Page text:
U.S. Coral Triangle Initiative

With support from the United States Agency for International Development (USAID), the Coral Triangle Initiative improves the efficiency and effectiveness of conservation efforts in the Coral Triangle, which encompasses nearly six million square kilometers of ocean, islands, and coastal waters in the Asia-Pacific Region. 

U.S. Coral Triangle Initiative
Healthy coral reefs in the Coral Triangle provide livelihoods for local communities and support a US $12 billion a year tourism industry in the region
U.S. Coral Triangle Initiative

The Coral Triangle is recognized as the most biologically diverse marine environment in the world. It is also home to over 360 million people, a third of whom depend on the Coral Triangle’s resources for their livelihoods and food security. As much as 90 percent of the reefs in the Coral Triangle are threatened by overfishing, population growth, unsustainable coastal development, pollution, and the increasing impacts of climate change.

In 2007, leaders of the six nations that make up the Coral Triangle ― Indonesia, Malaysia, Papua New Guinea, Philippines, Solomon Islands, and Timor-Leste ― formed a partnership to launch the Coral Triangle Initiative on Coral Reefs, Fisheries and Food Security. The U.S. Coral Triangle Initiative’s regional teams draw on vast expertise to help the Coral Triangle countries apply cutting-edge science and innovative solutions to advance sustainable fisheries management, marine protected area management, and climate change adaptation.


The initiative works in 13 sites within the Coral Triangle, chosen for their biodiversity richness and economic importance.   It also works with the governments of the six countries to support environmentally-sound local, national and regional policies throughout the Coral Triangle.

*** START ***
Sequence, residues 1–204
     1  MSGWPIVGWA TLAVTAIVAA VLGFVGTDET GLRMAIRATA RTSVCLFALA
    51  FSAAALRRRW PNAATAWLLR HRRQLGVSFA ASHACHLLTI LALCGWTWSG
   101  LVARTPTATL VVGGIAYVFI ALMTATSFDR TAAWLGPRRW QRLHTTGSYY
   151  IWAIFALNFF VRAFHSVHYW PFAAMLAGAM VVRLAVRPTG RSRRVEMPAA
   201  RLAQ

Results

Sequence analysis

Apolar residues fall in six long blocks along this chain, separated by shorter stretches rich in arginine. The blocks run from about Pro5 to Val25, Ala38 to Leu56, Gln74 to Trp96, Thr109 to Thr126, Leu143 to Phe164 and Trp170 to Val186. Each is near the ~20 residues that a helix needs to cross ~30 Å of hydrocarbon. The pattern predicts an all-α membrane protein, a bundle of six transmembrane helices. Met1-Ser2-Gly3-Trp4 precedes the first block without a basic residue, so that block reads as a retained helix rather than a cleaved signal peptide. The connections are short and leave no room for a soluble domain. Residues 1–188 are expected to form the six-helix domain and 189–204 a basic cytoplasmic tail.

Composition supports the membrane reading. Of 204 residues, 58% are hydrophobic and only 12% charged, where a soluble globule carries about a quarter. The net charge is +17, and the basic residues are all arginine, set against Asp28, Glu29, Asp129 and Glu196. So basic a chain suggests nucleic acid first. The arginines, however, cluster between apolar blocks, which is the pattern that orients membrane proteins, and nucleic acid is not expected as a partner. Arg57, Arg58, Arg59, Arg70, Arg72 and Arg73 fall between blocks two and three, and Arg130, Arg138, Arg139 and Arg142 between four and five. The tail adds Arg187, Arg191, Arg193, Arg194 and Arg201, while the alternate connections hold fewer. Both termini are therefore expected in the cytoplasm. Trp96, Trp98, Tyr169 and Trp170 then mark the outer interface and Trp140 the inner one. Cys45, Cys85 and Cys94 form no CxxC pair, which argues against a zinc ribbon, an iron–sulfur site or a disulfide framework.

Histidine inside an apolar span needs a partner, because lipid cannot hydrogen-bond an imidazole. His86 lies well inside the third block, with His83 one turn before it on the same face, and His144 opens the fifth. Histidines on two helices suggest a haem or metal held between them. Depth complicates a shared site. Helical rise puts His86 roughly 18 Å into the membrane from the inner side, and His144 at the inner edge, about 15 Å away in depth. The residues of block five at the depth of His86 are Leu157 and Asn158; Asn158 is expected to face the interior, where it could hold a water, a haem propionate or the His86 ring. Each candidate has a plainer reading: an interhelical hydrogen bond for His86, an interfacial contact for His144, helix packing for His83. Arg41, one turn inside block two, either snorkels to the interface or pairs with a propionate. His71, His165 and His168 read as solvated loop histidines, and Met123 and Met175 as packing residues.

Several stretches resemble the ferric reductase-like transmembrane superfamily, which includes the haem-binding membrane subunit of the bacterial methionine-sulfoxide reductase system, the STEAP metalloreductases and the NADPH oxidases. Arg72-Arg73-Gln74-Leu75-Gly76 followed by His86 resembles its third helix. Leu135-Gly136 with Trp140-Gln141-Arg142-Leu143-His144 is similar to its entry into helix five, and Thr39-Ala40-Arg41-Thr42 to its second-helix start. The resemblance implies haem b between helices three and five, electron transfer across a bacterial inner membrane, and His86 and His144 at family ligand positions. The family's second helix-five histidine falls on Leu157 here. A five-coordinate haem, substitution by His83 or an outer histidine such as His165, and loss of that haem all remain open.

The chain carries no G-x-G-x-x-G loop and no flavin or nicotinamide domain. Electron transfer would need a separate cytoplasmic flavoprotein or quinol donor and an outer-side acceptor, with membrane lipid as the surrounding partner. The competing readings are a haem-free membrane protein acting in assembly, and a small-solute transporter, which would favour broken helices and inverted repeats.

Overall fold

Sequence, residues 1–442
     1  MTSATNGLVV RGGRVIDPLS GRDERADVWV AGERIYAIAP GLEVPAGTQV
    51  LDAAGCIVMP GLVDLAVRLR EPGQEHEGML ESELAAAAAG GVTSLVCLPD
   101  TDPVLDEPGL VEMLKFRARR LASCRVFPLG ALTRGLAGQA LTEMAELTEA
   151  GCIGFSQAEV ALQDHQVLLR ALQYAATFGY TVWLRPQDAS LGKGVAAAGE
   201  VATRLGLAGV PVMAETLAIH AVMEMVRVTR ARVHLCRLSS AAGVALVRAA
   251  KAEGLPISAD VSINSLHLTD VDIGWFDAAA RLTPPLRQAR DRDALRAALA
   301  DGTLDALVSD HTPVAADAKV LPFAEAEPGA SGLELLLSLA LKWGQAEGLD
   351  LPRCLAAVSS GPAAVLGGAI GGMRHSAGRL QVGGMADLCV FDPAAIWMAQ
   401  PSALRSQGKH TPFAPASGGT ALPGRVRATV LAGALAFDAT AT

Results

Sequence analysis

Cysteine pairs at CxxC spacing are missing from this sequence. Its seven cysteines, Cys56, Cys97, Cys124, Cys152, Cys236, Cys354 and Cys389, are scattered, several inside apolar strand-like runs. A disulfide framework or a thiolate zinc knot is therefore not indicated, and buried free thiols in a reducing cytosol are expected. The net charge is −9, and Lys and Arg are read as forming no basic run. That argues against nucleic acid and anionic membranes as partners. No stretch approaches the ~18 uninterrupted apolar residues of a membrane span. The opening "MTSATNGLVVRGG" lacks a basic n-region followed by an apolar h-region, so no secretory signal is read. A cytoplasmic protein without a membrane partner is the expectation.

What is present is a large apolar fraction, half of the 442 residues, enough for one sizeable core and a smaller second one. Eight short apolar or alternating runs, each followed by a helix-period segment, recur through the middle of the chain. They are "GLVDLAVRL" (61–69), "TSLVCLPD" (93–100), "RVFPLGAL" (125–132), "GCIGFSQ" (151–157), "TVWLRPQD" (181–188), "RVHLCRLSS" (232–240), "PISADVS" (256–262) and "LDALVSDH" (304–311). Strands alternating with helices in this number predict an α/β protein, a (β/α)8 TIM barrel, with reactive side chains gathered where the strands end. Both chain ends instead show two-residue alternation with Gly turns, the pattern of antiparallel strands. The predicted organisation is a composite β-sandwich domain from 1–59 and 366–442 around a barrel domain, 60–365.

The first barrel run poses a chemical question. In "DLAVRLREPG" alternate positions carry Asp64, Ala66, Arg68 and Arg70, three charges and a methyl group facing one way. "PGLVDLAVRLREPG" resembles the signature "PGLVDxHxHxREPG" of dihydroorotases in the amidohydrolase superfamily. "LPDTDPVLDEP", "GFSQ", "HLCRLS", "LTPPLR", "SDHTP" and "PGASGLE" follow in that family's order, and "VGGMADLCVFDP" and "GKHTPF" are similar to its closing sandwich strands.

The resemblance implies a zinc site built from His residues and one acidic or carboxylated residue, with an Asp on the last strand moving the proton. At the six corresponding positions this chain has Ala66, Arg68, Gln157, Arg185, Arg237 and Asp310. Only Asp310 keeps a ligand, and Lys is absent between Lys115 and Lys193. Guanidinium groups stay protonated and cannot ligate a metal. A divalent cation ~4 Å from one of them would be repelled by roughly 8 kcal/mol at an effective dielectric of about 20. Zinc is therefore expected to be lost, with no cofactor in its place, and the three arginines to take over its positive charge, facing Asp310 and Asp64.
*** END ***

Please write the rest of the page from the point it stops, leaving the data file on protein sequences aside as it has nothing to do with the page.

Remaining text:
The initiative provides assistance to develop and implement a 10-year plan that will help the Coral Triangle countries increase their adaptive capacity to climate change, adopt an ecosystem approach to fisheries management, and combat illegal, unreported and unregulated fishing.


Through U.S. support, nearly 10,000 individuals from governments, non-governmental organizations, and communities have been trained in natural resources management. Over 20 communities in five countries are more effectively managing their local marine resources. In addition, 20 million hectares (an area slightly larger than Cambodia) of biologically significant coastal and marine areas are under improved management, while project staff helped officials develop and implement 93 policies, regulations, laws and agreements contributing to coastal and marine resources management.


The U.S. Coral Triangle Initiative is implemented collaboratively by Tetra Tech ARD, the U.S. Department of Interior, the National Oceanic and Atmospheric Administration and The World Wildlife Fund. The Nature Conservancy, and Conservation International were part of the consortium until December 2013. 

Last updated: March 06, 2014

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